GSoC Report: Curvature for MDA Universes

20 August 2021

A summary of the main contributions to MembraneCurvature during my GSoC journey.

The main goal of my GSoC project was to develop a tool to calculate membrane curvature from MD simulations using MDAnalysis. We aimed to have the following features in the membrane curvature tool:

  • Surfaces derived from an AtomGroup of reference.
  • Calculation of mean and Gaussian curvature.
  • Implement multiframe and averaged-over-frames analysis.
  • Plug-and-play with visualization libraries to obtain 2D curvature profiles.
  • Data visualization made easy.

Why Membrane Curvature?

In the wide range of tools that are available to analyze Molecular Dynamics (MD) simulations, user-friendly, actively-maintained, and well-documented tools to calculate membrane curvature are still difficult to find. I was motivated to share a tool to calculate membrane curvature that I initially developed as part of my PhD at the Biocomputing Group. Membrane curvature is a phenomenon that can be investigated via MD simulations, and I had an interest to share this tool with the wider MD community.


Keeping in mind the goals and motivations behind my GSoC project, I would like to hightlight three areas of contributions that were key to the MembraneCurvature MDAnalysis tool: Core functions, AnalysisBase, and Documentation.

Core functions (#34, #40, #44)

The initial version of the code (#9) contained functions to map elements from the AtomGroup of reference into a grid of dimensions defined by the simulation box. #9 also included the functions to calculate mean and Gaussian curvature. After refactoring (#34), the core functions of MembraneCurvature were cleaned and tuned up (#40 and #44). Our core functions are:

These functions are our bricks to build the MembraneCurvature AnalysisBase.

Analysis Base (#43, #48)

The analysis in MembraneCurvature used the MDAnalysis AnalysisBase building block, from where we obtained the basic structure to run multilframe analysis.

In the MembraneCurvature subclass of AnalysisBase, we define the initial arrays for surface, mean, and Gaussian curvature in the _prepare() method. In _single_frame(), AnalysisBase runs the membrane curvature analysis in every frame, and populates the arrays previously defined in _prepare(). In _conclude, we compute the average over frames for the surface and curvature arrays.

The derived surface, and calculated arrays of mean and Gaussian curvature values are stored in the Results attribute. This makes AnalysisBase the most fundamental part of the MembraneCurvature analysis. With the MembraneCurvature AnalysisBase, we can perform multiframe and average-over-frame analysis.

We also added coordinate wrapping to our Analysis base, which enables users to run MembraneCurvature with all atoms in the primary unit cell #48. Having an option to wrap coordinates is particularly useful when we want to calculate curvature with elements in the AtomGroup that may fall outside the boundaries of the grid.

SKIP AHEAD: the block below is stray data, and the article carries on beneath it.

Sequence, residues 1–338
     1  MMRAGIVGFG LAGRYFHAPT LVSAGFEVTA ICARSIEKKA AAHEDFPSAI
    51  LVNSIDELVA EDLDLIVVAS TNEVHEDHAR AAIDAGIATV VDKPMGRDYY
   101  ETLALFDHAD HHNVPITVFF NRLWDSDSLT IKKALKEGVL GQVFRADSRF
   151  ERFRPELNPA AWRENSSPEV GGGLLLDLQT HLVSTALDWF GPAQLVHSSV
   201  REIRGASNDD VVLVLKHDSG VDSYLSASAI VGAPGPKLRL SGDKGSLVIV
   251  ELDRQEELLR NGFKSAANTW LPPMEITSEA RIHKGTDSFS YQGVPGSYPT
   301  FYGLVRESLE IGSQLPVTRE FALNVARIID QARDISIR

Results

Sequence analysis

With PR #48, we also achieved a significant milestone: reaching 100% code coverage in MembraneCurvature. 100% coverage means that every line of code included was executed by pytest, our test suite, to check that the code works as it should.

Documentation (#57, #62, #64, #69)

One of the strongest motivations to contribute an MDAnalysis curvature tool was to provide a well-documented package to analyze membrane curvature from MD simulations.

The membrane curvature tool includes solid documentation that can be found in the following pages:

We included two different tutorials: One where we use Membrane Curvature to derive surfaces and calculate curvature of a membrane-only system (#64), and another for a membrane-protein system(#69).

How can I use it?

Membrane-curvature uses MDAnalysis under the hood. We can install Membrane-curvature via pip:

pip install membrane-curvature

Running MembraneCurvature

MembraneCurvature was designed to be user friendly. No counterintuitive commands, and no long lines of code. With MembraneCurvature you can calculate curvature in less than 10 lines of code! The snippet below illustrates how easy it gets to extract mean and Gaussian curvature from our MD simulations:

import MDAnalysis as mda
from membrane_curvature.base import MembraneCurvature
from membrane_curvature.tests.datafiles import MEMB_GRO, MEMB_XTC

u = mda.Universe(MEMB_GRO, MEMB_XTC)

curv_upper_leaflet = MembraneCurvature(u, select="resid 103-1023 and name PO4", 
                                            n_x_bins=12, n_y_bins=12).run()

curv_lower_leaflet = MembraneCurvature(u, select='resid 1024-2046 and name PO4', 
                                            n_x_bins=12, n_y_bins=12).run()

In the example above, we use two files included in the MembraneCurvature tests: MEMB_GRO and XTC_GRO, which comprises a membrane of lipid composition POPC:POPE:CHOL, in a 5:4:1 ratio: